Now Sessions will take the same stage.
Lawmakers for weeks have demanded answers from Sessions, particularly about meetings he had last summer and fall with the Russian ambassador to the United States.
And then an ally of President Donald Trump suggested the President is thinking about firing the special counsel investigating the Russian Federation issue.
These are the most obvious questions - and frankly the reason Sessions finds himself in hot water.
What questions is Sessions likely to be asked? In March, Sessions recused himself from any investigation into whether Russia meddled in the election after his meetings with Russian officials were disclosed.
Lawmakers, including Al Franken of Minnesota and Patrick Leahy of Vermont, have asked the FBI to investigate and to determine whether Sessions committed perjury when he denied having had meetings with Russians.
Sessions will face questions about his dealings with Russian officials and whether he intentionally misled Congress as a Senate panel investigates alleged Russian meddling in the 2016 US presidential election. We are not here to praise or decry the current NY theatrical production.
The former Republican US senator from Alabama, one of Trump's most avid supporters on the campaign trail, will likely have to explain why he told lawmakers in January he had no dealings with Kremlin officials a year ago.
What was Comey referring to last week about Sessions? Sessions was clear he signed on to Deputy Attorney General Rod Rosenstein's recommendation for firing Comey because it was based on Comey's handling of the Hillary Clinton emails, Comey's decision to go public with an ongoing investigation and Comey's usurpation of the prosecutorial arm of the Justice Department by saying there was no basis for criminal charges against Clinton.
Whatever they are, they're "facts that I can't discuss in an open setting", Comey said. He added that "if there were good cause, I would consider it".
"There are many unanswered and troubling questions, so the attorney general needs to be forthcoming", said Senate Minority Leader Charles Schumer, D-N.Y.
White House spokesman Sean Spicer declined to discuss Trump's "private conversations" with Sessions about Comey, and he left open the possibility that the administration may ask the attorney general to invoke executive privilege regarding them. And Sessions has sat through enough hearings to know his answers will come back to bite him if there is even an element of untruth.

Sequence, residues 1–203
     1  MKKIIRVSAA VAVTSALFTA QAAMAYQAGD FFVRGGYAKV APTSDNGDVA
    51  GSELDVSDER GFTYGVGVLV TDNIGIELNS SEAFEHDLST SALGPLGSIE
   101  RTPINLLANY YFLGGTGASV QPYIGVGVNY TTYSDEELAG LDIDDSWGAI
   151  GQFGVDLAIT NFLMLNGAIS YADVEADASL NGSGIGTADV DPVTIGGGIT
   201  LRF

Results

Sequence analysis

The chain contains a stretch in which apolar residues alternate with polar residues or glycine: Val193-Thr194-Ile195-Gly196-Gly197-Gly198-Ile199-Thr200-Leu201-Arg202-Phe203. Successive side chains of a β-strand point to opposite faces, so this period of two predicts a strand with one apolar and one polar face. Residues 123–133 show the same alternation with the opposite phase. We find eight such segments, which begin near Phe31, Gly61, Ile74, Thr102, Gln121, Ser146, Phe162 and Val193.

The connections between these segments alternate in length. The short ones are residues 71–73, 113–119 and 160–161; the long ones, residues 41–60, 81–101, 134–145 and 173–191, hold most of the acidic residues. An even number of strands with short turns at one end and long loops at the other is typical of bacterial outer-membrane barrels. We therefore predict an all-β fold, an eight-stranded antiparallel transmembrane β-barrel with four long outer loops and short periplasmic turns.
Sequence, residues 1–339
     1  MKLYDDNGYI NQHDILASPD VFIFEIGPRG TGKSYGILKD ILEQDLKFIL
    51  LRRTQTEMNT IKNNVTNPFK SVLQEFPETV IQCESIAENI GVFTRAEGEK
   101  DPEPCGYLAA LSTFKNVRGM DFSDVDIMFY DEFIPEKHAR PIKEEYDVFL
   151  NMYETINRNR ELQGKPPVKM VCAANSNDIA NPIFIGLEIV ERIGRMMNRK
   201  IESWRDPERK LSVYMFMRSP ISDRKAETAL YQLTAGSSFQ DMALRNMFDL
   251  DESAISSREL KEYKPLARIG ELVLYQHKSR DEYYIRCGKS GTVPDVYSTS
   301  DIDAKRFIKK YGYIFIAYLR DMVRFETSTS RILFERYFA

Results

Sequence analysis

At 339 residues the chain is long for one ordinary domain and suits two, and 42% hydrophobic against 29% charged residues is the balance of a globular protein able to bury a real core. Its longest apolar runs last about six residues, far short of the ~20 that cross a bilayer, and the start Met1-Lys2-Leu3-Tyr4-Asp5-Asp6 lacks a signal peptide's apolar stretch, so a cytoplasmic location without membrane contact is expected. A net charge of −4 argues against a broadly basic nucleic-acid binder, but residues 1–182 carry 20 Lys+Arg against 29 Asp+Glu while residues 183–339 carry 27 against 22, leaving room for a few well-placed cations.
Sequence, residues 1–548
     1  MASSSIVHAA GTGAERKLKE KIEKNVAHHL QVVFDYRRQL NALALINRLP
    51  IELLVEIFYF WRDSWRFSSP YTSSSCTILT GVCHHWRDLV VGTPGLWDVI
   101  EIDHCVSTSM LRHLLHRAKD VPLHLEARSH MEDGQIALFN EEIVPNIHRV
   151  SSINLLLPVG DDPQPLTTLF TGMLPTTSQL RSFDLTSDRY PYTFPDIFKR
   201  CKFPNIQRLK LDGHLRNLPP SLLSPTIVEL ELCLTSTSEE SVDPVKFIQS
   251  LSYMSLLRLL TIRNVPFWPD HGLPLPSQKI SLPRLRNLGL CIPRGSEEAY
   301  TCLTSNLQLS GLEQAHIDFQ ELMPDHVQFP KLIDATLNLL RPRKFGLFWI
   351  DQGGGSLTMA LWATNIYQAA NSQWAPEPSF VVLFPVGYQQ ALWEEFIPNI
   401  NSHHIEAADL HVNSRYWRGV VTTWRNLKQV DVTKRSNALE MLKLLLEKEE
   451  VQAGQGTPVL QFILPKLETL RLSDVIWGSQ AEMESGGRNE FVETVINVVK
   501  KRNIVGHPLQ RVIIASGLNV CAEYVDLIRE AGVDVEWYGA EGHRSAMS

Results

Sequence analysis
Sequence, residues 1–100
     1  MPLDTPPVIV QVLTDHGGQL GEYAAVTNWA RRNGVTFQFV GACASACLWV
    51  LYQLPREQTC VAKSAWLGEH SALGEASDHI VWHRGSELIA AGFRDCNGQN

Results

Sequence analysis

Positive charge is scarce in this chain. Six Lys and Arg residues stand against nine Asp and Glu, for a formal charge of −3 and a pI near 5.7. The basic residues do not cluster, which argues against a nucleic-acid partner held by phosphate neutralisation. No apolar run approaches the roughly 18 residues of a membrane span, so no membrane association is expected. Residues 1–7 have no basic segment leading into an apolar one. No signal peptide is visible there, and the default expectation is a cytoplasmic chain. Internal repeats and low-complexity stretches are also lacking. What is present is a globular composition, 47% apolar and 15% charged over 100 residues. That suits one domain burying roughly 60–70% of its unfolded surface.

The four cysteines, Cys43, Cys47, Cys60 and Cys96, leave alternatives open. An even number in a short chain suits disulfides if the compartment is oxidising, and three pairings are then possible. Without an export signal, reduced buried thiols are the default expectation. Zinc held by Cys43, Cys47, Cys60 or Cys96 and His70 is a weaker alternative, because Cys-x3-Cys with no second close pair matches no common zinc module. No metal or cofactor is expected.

Even the standard process itself of invoking executive privilege could be jumbled by the Russian Federation probe.
Sessions on Saturday said he would appear before the intelligence committee, which has been doing its own investigation into Russian contacts with the Trump campaign.
It's the biggest blockbuster Washington drama since. last week.
Tuesday's hearing may also throw new light on the awkward state of the relationship between Trump and Sessions.
Sessions and Trump have been close allies for more than a year now - Sessions was Trump's earliest supporter in the Senate and his top staff became some of Trump's most important advisers.
Comey himself had a riveting appearance before the same Senate panel last week, with some key moments centered on Sessions.
That's why the reports last week that Sessions offered to resign over a new, incredible strain between the two, was pretty surprising.
Sessions heads to Capitol Hill in a perilous position with his boss, with U.S. media reporting Trump has grown displeased with his attorney general, notably for his recusal on the Russian Federation probe.
Sessions certainly isn't expected to hit his boss while testifying on live television, but look for senators to try and get at how much pressure Trump has put on him.
"The Senate and the American people deserve to know exactly what involvement with the Russian Federation investigation he had before his recusal, what safeguards are in place to prevent his meddling, and why he felt it was appropriate to recommend the firing of Director Comey when he was leading that investigation", said Sen. However, since then, he has acknowledged meeting with Russia's ambassador to the U.S., Sergey Kislyak, in 2016.